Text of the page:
As local educators, community leaders and parents focused on improving education Saturday, the principal of Marshall Middle School said it's time to stop talking and act.
"If we say we love our children and if we truly believe that, then something should show evidence of that," said Michael Forte, principal of Marshall Middle School.
Forte was one of five educators and community leaders gathered at Fourth Street Baptist Church for "A Call To Talk" forum titled "It takes a village to raise a child." About 45 people took part in the forum sponsored by the church and Theresa El-Amin, regional director of the Southern Anti-Racism Network.
To honor the legacy of Shadrack Marshall, one of the first black principals in the Muscogee County School District, and instill pride at the school, Forte said the vision for the school is transforming it into a magnet, the Shadrack Marshall Servant Leadership Academy.
"We want to change lives and touch the hearts of our students at Marshall; therefore, we believe that servant leadership is critical to that transformation," Forte said. "The curriculum we will introduce to Marshall students teaches principles of service, commitment to ideas, to issues, to goals and managing a productive life. The servant leadership curriculum teaches that the foundation of true leadership is not power, but authority which is built upon relationships, service and sacrifice."
Forte said the Servant Leadership Academy would be in line with services provided by police officers, clergy and teachers. "The Servant Leadership Academy will teach students values necessary to serve in those professions," he said. "I am engaging students differently in dialogue, and that I am trying to convince teachers to do the same. Instead of telling students to be quiet or sit down, we engage them by saying is that leadership, or would a leader behave in such a way."
Melvin Blackwell, the chief of Student Services at the school district and former principal at Marshall, said the public will soon get a chance to learn about the district's five-year plan to improve education. "We have to have input to make proper adjustments," he said.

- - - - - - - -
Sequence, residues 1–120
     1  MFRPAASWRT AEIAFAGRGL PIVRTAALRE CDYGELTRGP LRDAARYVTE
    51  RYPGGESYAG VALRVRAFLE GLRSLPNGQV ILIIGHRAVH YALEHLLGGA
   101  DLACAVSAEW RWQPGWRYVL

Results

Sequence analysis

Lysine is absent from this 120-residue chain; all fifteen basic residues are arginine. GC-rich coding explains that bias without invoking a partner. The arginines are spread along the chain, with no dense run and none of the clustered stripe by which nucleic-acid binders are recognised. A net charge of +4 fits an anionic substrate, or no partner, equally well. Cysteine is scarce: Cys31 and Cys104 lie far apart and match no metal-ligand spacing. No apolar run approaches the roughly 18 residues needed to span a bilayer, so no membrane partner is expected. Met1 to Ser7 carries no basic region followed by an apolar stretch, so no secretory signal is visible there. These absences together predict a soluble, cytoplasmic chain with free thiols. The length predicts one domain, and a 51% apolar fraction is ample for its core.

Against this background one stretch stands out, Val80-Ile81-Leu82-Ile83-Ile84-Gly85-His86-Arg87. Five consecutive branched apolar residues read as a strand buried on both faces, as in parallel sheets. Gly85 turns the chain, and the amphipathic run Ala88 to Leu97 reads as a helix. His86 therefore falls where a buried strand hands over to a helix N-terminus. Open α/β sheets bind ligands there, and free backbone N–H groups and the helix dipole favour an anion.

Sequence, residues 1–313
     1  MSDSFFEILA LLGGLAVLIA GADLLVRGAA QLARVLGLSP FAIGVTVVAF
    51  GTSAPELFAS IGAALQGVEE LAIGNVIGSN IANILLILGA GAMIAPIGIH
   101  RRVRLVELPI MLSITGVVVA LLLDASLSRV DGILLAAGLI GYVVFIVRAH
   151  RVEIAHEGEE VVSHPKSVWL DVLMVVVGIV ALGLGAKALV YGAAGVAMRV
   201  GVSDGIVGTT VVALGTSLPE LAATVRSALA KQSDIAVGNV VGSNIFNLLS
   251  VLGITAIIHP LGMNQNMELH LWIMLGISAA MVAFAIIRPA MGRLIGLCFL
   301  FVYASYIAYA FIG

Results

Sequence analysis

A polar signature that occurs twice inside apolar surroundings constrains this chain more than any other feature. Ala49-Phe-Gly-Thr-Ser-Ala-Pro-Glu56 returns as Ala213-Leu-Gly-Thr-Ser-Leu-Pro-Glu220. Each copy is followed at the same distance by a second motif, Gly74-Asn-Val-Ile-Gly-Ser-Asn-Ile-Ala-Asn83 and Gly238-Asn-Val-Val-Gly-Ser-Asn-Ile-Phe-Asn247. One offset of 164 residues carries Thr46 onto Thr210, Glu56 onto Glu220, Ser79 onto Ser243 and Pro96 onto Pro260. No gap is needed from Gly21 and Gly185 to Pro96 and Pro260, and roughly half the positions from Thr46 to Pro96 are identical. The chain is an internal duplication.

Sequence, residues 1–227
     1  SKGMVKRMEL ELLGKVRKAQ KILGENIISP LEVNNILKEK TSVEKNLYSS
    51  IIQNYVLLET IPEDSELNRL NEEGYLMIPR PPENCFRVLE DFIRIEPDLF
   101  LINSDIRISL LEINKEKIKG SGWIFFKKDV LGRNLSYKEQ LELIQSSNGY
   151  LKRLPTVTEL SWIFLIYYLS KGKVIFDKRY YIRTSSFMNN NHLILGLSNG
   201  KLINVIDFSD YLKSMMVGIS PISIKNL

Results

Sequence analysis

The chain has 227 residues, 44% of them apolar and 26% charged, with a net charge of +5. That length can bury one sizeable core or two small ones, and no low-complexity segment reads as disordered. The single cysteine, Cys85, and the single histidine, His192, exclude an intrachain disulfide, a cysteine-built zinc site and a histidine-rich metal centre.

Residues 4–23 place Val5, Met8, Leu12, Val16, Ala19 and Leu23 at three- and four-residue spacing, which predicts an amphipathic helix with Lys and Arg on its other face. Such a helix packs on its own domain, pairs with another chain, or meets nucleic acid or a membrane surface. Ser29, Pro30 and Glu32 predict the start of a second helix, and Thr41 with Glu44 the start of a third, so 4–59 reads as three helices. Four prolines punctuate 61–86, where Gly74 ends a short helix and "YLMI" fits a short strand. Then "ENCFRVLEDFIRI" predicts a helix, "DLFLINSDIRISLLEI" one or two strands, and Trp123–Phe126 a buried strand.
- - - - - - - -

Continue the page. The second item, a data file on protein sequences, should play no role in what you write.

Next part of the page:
The plan is the result of 18 months of work, 25 meetings at Columbus State University and more than 300 people providing information. The document focuses on building trust, accountability, innovation, striving to set high goals and to raising expectations for education in the 21st century.
Tracy Hargrove, the mother of four children, said there is no job greater than rearing her children and having the necessary tools needed to help them succeed. "Education is the biggest thing in their life and my life," she said.
Hargrove said she is committed when it comes to helping her children succeed.
"Children are with teachers eight hours day," she said. "They know the teacher is their mother for eight hours of the day. They have to realize that there are things they must do while in school: Stay on task, completing assignments and their conduct plays a role in the education process."
Hargrove held up a pamphlet she read recently that said private prison firms build new facilities based on the Criterion-Referenced Competency Test scores from third-graders. "Our children need help in reading and our children need help in math," she said. "How are we going to get there? I don't want to see children fall through the cracks."
Debbie Caballero, chairperson of the Greater Columbus Chamber of Commerce's Partners In Education Program, noted how volunteers put in 67,000 hours last year to help improve schools. Over the last 25 years, the PIE program has helped 80 schools in five counties.
"This is the way our community has been supporting schools for over 25 years," she said.